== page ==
Q: I’m about to build a new home with both an attached garage and a separate free-standing three-bay garage. The house I grew up in had floor drains in the garage, and they were wonderful. My builder has never heard of garage floor drains and insists on sloping the concrete floor so all liquids flow to the doors. I can see this will be a nightmare in the winter when ice and snow melt from cars and trucks. What would you do if you were me, and how do you install garage floor drains in your jobs? — Steve H., Madison, Wis.
A: I can tell you, I live this nightmare each winter here in snowy New Hampshire. I didn’t build the house I live in, and my garage doesn’t have magical floor drains like the house I grew up in. Water melts from my car and truck, and puddles down at the closed garage doors.
It's important to realize the building code is a set of minimum standards. You can always build things better than what the building code mandates. The building code is revised every few years, and I can tell you that some fantastic things have been forgotten or changed in past revisions.
I checked several citations of the International Building Code, and there was language that garage floors must slope to the door so liquids drain to the door or to a drain. Another key point is that cities or towns can make their own revisions to the code. What’s acceptable in one town may not be allowed in another city nearby. You always need to check with your local code official and see what you can do.
This past year my daughter and son-in-law built a new home on Mount Desert Island, Maine. I specified that floor drains be put in the garage and made sure with the local building inspector that she allowed this. Not only did she permit the floor drains, but she also indicated the water from the drains could drain to the surface beyond the house just like downspout water from the roof.
The floor drains in older homes were piped in almost all cases with a simple P-trap just like you might find under your bathroom sink. The U-shaped pipe under the drain created a water seal, but it also allowed sand and dirt to accumulate fast. You had to be careful in older garages not to clog the drain line past the P-trap.
I installed modern side-outlet box drains in my daughter’s garage. These measure about 14 inches square and are about 10 inches deep. The drainpipe exits out the side of the box drain, and the bottom of the pipe is about 1.5 inches up from the bottom of the box.
This allows sand and grit to settle out and not be carried into the drainpipe leaving the box drain. However, you need to keep up with making sure this sand, dirt and grit never get any thicker than the 1.5-inch catch area!
Downstream from the box drains I installed a self-made P-trap using 90-degree fittings. I also used a tee fitting so I could create a surface clean-out that rises up from one end of the P-trap under the slab.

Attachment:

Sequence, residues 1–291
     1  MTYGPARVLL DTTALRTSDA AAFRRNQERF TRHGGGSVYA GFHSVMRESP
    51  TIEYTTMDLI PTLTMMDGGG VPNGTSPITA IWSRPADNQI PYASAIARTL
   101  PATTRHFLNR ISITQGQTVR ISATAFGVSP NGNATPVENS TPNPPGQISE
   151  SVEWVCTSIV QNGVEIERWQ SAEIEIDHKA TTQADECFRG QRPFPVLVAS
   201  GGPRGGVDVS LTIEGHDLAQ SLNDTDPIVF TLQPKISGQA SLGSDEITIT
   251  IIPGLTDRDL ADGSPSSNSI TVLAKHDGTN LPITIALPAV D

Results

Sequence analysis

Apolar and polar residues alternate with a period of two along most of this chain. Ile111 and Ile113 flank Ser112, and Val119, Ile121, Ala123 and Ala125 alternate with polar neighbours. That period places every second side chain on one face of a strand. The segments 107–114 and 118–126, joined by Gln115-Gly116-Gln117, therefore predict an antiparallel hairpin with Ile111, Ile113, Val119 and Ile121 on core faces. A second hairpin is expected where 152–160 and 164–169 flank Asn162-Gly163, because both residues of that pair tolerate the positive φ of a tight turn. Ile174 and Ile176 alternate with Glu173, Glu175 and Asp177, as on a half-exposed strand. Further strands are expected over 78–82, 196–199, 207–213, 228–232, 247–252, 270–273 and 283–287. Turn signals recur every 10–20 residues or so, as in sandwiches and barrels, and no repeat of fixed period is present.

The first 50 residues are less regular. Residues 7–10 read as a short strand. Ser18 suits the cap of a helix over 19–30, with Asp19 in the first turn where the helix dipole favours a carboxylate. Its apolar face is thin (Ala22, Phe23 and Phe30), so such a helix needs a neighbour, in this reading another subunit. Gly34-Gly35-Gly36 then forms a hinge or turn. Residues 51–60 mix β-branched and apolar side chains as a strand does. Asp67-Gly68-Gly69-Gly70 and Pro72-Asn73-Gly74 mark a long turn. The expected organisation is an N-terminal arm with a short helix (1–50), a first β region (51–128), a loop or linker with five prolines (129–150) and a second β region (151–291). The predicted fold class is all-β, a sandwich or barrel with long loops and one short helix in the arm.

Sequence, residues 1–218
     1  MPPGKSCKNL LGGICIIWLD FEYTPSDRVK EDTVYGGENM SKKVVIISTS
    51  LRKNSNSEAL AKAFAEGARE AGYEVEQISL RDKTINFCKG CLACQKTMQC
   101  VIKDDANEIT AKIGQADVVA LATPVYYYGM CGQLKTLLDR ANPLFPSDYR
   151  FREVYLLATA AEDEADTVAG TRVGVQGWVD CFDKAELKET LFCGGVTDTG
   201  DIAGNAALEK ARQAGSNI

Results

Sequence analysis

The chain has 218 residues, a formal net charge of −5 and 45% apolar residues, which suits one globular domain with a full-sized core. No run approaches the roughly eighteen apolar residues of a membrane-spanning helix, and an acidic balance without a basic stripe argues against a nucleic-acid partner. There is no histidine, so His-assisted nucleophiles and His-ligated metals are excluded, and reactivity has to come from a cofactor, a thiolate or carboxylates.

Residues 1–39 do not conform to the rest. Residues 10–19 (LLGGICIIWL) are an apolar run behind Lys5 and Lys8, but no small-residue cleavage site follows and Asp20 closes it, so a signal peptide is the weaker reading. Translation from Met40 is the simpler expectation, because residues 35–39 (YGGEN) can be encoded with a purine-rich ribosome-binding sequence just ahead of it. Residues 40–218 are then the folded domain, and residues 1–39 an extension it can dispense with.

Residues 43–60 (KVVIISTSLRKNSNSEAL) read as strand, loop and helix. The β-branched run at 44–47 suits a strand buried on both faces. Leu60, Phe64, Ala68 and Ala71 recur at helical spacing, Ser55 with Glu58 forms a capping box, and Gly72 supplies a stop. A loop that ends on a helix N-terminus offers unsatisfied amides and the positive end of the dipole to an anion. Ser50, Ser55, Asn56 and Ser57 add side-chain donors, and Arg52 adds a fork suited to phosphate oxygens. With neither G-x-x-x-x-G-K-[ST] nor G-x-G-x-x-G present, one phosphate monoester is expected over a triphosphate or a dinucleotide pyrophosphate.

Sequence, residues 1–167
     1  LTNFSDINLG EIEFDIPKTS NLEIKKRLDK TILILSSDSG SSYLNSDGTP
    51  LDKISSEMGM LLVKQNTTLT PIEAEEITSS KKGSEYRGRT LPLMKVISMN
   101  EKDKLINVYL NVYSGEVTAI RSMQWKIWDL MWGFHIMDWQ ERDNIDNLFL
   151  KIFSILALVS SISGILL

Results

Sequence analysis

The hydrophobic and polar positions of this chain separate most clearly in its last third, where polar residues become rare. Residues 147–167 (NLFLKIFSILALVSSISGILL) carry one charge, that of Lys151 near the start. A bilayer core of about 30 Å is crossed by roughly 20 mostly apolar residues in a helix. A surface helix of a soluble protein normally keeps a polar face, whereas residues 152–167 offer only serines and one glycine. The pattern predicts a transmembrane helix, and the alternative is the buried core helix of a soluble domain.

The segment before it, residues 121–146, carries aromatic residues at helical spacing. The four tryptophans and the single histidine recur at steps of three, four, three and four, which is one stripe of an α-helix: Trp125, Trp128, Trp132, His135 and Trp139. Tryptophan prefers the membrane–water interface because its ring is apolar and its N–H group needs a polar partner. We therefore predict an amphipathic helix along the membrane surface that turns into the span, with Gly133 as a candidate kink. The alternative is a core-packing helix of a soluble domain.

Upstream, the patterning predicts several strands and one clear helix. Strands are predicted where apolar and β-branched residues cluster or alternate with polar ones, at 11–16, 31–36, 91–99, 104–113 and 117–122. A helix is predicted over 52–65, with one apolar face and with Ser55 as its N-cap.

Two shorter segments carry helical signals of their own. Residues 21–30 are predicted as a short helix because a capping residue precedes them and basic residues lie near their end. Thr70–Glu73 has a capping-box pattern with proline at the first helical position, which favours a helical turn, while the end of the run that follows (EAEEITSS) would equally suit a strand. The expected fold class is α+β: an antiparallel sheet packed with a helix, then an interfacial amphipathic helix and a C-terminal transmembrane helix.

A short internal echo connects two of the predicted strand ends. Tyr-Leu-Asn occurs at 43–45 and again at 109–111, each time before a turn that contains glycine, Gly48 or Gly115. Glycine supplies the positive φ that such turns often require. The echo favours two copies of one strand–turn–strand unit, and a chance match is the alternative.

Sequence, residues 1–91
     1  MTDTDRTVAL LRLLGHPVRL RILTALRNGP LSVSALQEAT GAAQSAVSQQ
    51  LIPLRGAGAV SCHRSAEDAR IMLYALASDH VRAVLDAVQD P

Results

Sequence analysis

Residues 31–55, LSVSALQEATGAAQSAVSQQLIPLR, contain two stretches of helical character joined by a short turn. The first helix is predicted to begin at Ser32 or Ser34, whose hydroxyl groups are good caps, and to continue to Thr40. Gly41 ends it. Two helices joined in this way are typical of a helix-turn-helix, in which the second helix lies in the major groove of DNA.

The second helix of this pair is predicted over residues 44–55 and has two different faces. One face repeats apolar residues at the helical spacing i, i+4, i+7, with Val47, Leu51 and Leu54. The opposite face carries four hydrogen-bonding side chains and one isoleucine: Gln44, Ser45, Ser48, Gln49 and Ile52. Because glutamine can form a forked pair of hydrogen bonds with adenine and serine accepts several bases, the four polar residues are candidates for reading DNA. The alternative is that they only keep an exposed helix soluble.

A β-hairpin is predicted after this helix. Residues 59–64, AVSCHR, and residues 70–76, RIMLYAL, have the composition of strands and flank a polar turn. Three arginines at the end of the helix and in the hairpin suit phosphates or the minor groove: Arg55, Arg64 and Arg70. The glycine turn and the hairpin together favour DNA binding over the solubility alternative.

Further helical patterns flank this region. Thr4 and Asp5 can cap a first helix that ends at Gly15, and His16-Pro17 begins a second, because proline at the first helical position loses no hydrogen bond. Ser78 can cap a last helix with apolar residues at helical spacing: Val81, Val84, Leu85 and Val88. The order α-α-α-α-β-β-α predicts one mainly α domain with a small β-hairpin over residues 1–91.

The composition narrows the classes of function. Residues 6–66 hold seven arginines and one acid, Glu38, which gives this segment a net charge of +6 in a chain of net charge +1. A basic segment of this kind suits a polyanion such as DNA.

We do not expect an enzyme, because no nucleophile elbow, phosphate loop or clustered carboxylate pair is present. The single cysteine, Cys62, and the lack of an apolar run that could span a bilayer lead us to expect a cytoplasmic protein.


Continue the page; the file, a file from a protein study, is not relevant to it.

This clean-out allows my son-in-law, or a future homeowner, easy access into the P-trap using the hose from a wet-dry vacuum. If the P-trap gets clogged, it will be very easy to clean out.
Some people worry about oil getting into the floor drains and causing pollution of the ecosystem. That's a valid concern if you have a massive oil spill in a garage. I maintain this is a rare occurrence. If you're worried about oil pollution, you can install a commercial oil separator as part of your drainage pipe installation. And as for car and truck oil pollution, imagine how many gallons per day leak onto the roadways around your town or city from pesky drips from engines, transmissions and hydraulic hoses.
Common sense also is required if you have a car or truck that has a tired engine or transmission. If these do leak small amounts of oil, for goodness’ sake lay out some cardboard to soak up the leaks and replace the cardboard once it becomes saturated. There are also dry granular products made to soak up oil spills. You see this product at many gas stations when someone spills diesel fuel or other oil products.
It's very important to make sure the tops of the floor drains are about 2 inches below the primary level surface of the garage slab. The concrete contractor needs to create large shallow funnels around the floor drains.
The size of the funnel depends on the size of the car or truck. At the very least, the funnel should be a total of 10 feet wide and 22 feet long. Center the floor drains so they're exactly under the center of the car or truck when it is parked in the garage.
Another side benefit of having garage floor drains is that you can wash your car or truck inside on blistering hot days or in colder months. You can buy a special hose bib that has both a hot and a cold handle like an indoor sink. This way you can use warm water to rinse off your vehicle.
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